Aaron Cook turned in another strong start at Triple-A yesterday, allowing one unearned run in seven innings, and now sports a 1.33 ERA after four starts in Pawtucket.
Cook has a clause in his minor-league contract with the Red Sox that allows him to opt out and become a free agent again if he’s not in the majors by May 1, although he could choose not to use it and give Boston a bit more time to make a decision on his status.
Cook offered no hints about which way he’s leaning, telling Rob Bradford of WEEI.com: “I’ll make a decision when I feel like it’s time to make a decision. I haven’t made a decision yet.”
Obviously a 33-year-old veteran dominating Triple-A competition doesn’t mean he’s ready to do the same in the majors, but Cook looks like his old, pre-injury self with a low-90s fastball and tons of ground balls. In a decade with the Rockies he posted a 4.53 ERA in 1,312 innings, including a 4.39 ERA away from Coors Field, so if the Red Sox don’t think they can use him as a fourth or fifth starter there should be at least a few other teams that see a better fit.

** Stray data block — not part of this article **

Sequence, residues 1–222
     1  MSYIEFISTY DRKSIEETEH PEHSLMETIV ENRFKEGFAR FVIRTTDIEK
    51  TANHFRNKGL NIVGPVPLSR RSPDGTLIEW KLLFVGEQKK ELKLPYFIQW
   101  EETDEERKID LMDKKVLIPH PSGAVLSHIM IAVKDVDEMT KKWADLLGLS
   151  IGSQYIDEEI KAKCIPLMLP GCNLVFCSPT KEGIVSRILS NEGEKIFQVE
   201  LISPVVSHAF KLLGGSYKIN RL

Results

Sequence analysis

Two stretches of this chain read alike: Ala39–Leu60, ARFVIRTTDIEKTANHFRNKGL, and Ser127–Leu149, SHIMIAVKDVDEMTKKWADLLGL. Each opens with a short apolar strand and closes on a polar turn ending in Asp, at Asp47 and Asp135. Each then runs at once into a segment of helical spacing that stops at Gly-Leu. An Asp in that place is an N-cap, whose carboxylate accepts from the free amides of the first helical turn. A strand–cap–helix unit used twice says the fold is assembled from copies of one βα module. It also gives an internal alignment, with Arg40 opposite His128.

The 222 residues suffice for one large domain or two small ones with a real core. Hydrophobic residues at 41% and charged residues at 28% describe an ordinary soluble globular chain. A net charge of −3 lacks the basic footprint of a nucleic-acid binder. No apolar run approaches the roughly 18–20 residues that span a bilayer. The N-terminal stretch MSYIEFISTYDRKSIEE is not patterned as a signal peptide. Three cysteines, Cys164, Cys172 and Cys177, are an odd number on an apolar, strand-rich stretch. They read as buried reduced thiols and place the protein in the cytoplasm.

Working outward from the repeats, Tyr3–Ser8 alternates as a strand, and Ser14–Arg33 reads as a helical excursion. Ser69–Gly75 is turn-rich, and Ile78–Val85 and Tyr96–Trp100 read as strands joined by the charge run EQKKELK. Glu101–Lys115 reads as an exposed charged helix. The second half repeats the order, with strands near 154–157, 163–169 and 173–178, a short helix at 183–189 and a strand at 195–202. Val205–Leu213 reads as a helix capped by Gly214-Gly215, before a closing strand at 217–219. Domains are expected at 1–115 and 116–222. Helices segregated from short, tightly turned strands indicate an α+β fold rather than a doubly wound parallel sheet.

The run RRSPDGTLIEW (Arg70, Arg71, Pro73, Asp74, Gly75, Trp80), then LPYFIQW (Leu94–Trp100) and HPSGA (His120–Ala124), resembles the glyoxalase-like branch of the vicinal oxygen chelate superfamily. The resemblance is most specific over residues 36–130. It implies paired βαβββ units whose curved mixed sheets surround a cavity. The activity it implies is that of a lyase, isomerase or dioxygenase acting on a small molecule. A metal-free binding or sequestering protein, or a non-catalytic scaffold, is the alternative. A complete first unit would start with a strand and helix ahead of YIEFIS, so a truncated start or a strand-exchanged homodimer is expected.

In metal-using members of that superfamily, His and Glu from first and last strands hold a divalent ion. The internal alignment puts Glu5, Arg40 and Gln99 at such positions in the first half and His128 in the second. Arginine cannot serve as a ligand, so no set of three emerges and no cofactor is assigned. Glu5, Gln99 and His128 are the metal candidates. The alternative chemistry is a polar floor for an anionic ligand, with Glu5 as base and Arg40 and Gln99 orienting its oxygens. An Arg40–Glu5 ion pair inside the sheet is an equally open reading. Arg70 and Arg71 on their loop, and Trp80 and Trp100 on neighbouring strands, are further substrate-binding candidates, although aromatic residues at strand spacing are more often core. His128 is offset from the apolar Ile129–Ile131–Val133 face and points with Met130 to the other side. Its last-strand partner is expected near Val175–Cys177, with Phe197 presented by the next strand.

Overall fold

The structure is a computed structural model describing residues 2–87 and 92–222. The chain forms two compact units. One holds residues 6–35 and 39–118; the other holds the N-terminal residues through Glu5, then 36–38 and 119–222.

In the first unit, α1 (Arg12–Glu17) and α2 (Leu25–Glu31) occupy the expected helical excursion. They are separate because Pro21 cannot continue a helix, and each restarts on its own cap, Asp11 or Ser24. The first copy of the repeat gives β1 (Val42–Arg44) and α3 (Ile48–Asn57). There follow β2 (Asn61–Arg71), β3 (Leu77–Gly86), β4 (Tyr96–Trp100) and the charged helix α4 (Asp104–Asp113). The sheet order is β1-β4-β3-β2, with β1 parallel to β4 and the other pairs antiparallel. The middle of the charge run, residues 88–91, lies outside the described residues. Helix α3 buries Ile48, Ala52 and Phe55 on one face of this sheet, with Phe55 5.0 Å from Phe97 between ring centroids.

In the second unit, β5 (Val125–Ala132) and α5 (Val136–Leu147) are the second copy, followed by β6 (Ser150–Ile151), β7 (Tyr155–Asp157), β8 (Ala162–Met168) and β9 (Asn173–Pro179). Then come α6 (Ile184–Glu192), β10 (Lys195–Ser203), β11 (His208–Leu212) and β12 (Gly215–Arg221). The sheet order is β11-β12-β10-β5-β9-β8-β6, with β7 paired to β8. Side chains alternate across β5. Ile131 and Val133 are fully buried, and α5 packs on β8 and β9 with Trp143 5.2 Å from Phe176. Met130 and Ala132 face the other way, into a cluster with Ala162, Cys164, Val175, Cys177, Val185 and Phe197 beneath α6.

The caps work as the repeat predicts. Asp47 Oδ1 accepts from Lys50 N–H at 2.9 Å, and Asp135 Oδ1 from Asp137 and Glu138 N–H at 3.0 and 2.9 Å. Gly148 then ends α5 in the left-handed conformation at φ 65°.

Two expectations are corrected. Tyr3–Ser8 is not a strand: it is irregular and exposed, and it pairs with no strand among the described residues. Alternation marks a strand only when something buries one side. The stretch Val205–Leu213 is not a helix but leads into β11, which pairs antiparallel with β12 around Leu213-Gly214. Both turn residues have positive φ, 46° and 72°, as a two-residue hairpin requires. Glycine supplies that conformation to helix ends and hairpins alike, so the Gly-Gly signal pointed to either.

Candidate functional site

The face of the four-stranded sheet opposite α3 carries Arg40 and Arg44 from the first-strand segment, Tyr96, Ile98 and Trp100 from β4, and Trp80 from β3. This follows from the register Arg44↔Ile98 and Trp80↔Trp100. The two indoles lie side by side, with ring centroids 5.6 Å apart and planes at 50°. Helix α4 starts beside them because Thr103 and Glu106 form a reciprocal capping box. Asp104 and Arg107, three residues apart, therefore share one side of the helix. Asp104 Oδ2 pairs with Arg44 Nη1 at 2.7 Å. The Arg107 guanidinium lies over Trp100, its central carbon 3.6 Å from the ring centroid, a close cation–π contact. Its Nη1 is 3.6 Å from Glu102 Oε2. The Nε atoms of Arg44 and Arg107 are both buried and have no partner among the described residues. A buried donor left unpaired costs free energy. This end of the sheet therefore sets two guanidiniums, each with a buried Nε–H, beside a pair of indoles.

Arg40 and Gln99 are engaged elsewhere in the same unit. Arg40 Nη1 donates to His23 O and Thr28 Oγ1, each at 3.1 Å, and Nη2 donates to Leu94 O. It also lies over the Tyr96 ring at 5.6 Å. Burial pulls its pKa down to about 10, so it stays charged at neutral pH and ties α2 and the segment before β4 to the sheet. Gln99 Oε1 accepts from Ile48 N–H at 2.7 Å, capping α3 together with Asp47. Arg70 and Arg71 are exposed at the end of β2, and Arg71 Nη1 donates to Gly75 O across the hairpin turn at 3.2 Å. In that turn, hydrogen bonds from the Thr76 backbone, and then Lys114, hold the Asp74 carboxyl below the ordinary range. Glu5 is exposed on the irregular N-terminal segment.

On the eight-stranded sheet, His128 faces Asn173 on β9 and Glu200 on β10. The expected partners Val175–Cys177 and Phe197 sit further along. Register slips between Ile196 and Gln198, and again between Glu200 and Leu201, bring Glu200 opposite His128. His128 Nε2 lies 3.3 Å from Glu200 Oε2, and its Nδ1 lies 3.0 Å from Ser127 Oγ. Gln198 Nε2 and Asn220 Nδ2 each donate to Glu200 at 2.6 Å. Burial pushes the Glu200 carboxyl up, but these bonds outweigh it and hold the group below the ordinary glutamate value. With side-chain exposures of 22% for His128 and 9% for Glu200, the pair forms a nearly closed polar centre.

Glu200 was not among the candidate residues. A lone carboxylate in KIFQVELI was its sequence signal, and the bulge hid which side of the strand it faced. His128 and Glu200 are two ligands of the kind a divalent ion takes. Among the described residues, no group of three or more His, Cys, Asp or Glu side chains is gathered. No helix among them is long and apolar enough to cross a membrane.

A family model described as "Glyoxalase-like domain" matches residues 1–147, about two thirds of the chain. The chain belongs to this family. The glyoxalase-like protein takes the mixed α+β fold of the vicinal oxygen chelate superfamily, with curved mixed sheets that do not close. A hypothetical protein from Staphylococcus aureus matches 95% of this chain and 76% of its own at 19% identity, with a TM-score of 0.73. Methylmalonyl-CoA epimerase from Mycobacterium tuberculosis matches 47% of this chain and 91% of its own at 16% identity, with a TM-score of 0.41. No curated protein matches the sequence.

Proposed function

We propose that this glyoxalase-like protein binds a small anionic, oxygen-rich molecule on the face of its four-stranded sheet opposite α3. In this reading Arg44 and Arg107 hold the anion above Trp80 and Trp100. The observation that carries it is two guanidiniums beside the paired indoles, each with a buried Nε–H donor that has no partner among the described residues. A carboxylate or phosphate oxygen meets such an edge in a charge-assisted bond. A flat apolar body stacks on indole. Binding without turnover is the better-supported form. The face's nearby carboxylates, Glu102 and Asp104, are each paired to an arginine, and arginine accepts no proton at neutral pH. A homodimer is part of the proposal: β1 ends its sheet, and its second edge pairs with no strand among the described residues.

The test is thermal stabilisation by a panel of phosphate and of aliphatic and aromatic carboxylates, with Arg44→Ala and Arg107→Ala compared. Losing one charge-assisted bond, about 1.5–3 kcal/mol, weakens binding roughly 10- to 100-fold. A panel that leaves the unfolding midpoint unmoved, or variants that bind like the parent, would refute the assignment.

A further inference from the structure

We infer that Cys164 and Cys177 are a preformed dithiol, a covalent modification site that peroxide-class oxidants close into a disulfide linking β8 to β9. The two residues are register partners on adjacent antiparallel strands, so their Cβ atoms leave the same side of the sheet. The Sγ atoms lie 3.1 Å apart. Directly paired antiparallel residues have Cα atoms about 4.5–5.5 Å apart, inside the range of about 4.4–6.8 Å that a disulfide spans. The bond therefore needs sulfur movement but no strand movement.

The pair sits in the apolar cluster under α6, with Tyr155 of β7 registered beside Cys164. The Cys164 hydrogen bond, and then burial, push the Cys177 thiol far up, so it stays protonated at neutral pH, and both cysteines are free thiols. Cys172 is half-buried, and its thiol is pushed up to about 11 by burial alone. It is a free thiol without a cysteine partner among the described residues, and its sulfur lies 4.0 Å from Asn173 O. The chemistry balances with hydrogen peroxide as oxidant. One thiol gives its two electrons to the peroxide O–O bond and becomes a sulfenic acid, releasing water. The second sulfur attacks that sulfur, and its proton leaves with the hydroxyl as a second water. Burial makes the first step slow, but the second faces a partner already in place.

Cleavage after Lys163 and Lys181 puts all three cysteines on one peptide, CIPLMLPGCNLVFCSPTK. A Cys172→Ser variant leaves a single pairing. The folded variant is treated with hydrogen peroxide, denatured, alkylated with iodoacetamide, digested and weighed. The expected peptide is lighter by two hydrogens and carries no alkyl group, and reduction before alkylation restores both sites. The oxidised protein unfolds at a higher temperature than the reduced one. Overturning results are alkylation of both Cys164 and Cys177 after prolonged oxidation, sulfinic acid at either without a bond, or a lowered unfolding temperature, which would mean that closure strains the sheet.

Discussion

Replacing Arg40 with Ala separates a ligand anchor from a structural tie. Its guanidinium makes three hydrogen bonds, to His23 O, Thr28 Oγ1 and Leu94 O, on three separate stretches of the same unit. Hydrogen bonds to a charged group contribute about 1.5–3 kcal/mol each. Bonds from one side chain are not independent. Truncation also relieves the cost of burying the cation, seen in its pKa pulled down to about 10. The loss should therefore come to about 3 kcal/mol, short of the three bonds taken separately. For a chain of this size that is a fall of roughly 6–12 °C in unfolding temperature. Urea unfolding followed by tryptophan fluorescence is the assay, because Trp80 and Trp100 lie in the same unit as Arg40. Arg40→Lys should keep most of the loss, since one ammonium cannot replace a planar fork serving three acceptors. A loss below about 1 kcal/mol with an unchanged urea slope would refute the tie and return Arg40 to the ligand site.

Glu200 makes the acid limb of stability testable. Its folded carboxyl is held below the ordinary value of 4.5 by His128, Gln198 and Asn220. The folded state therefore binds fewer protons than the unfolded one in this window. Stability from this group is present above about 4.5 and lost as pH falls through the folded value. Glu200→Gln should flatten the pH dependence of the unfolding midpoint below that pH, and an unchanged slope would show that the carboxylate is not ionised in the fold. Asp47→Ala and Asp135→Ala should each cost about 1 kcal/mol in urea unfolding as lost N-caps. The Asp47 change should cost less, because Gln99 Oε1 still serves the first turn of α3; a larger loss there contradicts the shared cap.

The Yankees have re-signed pitcher Jon Niese to a minor league contract, George A. King III of the New York Post reports. Niese was released on Sunday, but he’ll stick around and provide rotation depth for the Yankees.
Niese had knee surgery last August and got a late start to spring training as a result. In six spring appearances lasting an inning each, the lefty gave up three earned runs on five hits and a walk with five strikeouts.
Niese, a veteran of nine seasons, put up an aggregate 5.50 ERA with an 88/47 K/BB ratio in 121 innings last season between the Pirates and Mets.
The Phillies announced on Tuesday that the club traded pitcher Alec Asher to the Orioles for a player to be named later.
Asher, 25, was the victim of a roster crunch. He was not going to make the 25-man roster and the starting rotation at Triple-A Lehigh Valley was already full. The Phillies acquired him from the Rangers in the July 2015 Cole Hamels trade.
Asher had good results in 27 2/3 innings in the big leagues last year, posting a 2.28 ERA with a 13/4 K/BB ratio. While it didn’t show in those stats, the right-hander sometimes struggles with command and he doesn’t miss bats often enough to make up for it. The Orioles, however, are happy to add some pitching depth.